The Four Classical Elements
The four classical elements held great importance in the ancient world. Long before the alchemists, the ancient Greeks believed that the world and everything in it was made up of these four elements. In the Middle Ages, these classical elements began to be associated with alchemy and believed to have great powers. Alchemists also believed that the four elements could create new elements.
Depicted as an upside-down triangle struck with a horizontal line, the earth was associated with the colors green and brown. It represented physical movements and sensations.
Drawn as an upward triangle struck with a horizontal line, air is the opposite of earth. It’s associated with heat and wetness (i.e., water vapor which alchemists connected to air instead of to water) and is viewed as a life-giving force.
Shown as a simple upside-down triangle, the symbol of water is viewed as cold and wet. Its color is blue, and it’s also associated with human intuition.
A simple upward triangle, the symbol of fire represents various emotions such as hate, love, passion, and anger. Labeled as hot and dry by Aristotle, fire and its symbol are represented by the colors red and orange. It is the opposite of water in its depiction.
The Three Primes
These three elements were believed to be the poisons that caused all diseases and illnesses. Known as the tria prima, alchemists believed that if these poisons were studied, they would be able to identify why disease occurred and discover the ways to cure them.
Similar to the modern-day symbol of femininity but with an additional semi-circle on top of it, the symbol of mercury represents the mind. It’s also connected to a mental stated that was believed to be able to transcend death itself. Of the three primes, mercury is viewed as the feminine element.
Shown as a triangle with a cross underneath it, sulfur or brimstone was viewed as the active male counterpart of mercury’s feminine nature. This chemical is associated with properties such as dryness, heat, and masculinity.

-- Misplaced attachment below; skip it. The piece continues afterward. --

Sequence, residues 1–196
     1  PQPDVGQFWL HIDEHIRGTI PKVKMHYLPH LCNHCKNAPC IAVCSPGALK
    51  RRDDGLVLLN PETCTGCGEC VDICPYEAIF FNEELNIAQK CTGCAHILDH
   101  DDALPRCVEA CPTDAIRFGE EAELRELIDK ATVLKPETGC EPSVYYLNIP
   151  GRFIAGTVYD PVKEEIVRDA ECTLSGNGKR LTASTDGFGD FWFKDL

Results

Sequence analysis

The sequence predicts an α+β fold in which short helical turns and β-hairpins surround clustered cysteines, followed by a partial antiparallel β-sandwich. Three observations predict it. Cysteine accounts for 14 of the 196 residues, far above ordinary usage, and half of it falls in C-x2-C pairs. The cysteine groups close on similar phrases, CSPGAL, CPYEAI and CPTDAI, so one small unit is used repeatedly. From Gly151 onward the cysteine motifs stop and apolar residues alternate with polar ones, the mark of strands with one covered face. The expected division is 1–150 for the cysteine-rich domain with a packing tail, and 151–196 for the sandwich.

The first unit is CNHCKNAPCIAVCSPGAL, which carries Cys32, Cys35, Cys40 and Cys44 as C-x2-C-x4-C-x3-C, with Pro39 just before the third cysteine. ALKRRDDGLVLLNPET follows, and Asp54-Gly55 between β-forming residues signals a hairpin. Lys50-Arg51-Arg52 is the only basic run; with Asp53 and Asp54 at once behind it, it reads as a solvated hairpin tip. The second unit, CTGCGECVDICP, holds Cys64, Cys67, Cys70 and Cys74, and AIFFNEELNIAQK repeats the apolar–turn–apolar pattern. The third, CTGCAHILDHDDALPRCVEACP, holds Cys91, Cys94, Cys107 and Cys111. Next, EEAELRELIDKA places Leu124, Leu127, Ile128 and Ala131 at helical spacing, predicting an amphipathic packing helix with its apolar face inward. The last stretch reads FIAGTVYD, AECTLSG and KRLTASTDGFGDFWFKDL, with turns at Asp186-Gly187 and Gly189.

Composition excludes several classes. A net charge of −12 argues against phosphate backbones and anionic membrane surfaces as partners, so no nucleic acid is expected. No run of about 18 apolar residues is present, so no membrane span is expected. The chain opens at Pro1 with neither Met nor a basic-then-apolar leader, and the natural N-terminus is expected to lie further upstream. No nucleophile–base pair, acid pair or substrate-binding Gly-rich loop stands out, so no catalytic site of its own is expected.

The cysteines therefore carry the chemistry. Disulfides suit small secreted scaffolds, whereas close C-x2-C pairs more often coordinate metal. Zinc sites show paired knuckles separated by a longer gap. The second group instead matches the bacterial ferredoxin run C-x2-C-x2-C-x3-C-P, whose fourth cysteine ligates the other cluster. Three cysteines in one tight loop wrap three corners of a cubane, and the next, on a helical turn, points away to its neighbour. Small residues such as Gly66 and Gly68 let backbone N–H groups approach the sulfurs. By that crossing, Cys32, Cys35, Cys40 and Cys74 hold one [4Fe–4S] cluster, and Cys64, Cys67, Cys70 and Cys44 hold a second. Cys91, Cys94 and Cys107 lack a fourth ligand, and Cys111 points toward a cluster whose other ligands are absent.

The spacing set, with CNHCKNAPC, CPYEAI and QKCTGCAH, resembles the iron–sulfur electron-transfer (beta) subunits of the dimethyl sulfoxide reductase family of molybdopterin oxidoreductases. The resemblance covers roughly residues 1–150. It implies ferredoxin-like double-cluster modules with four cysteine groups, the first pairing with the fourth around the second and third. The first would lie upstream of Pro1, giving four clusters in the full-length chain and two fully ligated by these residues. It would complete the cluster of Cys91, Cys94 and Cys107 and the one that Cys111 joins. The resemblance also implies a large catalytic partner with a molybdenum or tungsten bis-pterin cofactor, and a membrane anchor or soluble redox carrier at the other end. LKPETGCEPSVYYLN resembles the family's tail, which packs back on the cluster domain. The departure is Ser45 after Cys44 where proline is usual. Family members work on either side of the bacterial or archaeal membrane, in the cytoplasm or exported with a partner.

Even though salt is actually made of sodium and chloride, alchemists viewed it as a single element. They represented salt as a circle with a horizontal line going through it. Salt is thought to represent the body, both male and female. Alchemists also associated salt with the process of purification of the human body because salt itself needs to be purified after it’s collected.
The Seven Planetary Metals
The seven planetary metals were metals known to the classical world. Each connected to one of the classical planets (Moon, Mercury, Venus, Sun, Mars, Jupiter and Saturn), a day of the week, and an organ in the human body. Because astronomy was closely connected to alchemy, especially in its early stages, it was believed that each planet ruled over its corresponding metal. This went as follows:
- The moon rules silver
- The sun rules gold
- Mercury rules quicksilver/mercury
- Venus rules copper
- Mars rules iron
- Jupiter rules tin
- Saturn rules lead
As Uranus and Neptune had not yet been discovered, they aren’t to be found on this list of classical planets. Here are seven planetary metals in more detail.
The symbol for silver looks like a crescent moon facing either left or right. This association is likely due to the moon’s often silvery color. In addition to representing that celestial body, silver also stood for the first day of the week Monday. It was also used as a symbol for the human brain.
Illustrated as the contemporary symbol for the male gender, i.e. a circle with an arrow sticking out of its upper-right side, iron is the symbol of the planet Mars. It also symbolizes the day Tuesday and the gallbladder in the human body.
Yes, mercury gets a second mention because it’s a planetary metal as well as one of the three primes. Depicted by the same symbol, mercury represents the planet Mercury, the day Wednesday, as well as the human lungs.
The symbol for tin and the day Thursday can be best described as “a crescent above a cross”. It does look like the number 4 too, and it represents the planet Jupiter as well as the human liver.